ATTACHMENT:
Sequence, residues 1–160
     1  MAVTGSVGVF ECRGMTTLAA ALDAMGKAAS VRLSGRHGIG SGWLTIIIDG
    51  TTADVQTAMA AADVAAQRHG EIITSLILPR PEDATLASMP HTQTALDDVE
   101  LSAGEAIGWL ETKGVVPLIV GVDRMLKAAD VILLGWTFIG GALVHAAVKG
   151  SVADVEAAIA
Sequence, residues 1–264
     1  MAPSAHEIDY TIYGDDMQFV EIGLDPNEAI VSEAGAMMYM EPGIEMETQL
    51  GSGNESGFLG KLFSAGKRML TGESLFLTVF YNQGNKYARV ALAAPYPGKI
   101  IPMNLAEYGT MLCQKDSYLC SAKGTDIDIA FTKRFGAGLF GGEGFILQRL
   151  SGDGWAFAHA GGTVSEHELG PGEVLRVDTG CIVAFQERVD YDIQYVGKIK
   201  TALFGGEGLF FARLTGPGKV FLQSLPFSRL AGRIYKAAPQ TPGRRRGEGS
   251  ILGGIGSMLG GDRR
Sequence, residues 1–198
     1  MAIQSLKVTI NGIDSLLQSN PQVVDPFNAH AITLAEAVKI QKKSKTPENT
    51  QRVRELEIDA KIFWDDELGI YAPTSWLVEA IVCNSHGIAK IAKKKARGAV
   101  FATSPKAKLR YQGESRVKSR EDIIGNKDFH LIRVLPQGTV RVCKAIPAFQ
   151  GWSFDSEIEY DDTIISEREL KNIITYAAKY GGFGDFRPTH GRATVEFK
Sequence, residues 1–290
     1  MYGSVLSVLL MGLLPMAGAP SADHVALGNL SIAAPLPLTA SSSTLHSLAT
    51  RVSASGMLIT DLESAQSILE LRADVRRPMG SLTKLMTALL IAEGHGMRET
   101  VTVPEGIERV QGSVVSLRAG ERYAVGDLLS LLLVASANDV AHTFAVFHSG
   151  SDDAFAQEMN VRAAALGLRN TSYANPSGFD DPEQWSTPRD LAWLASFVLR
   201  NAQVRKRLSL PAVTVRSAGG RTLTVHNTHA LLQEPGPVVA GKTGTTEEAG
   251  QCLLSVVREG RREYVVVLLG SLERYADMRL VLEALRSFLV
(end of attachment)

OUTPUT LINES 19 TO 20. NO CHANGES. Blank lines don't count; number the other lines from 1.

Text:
     1  MYGSVLSVLL MGLLPMAGAP SADHVALGNL SIAAPLPLTA SSSTLHSLAT
    51  RVSASGMLIT DLESAQSILE LRADVRRPMG SLTKLMTALL IAEGHGMRET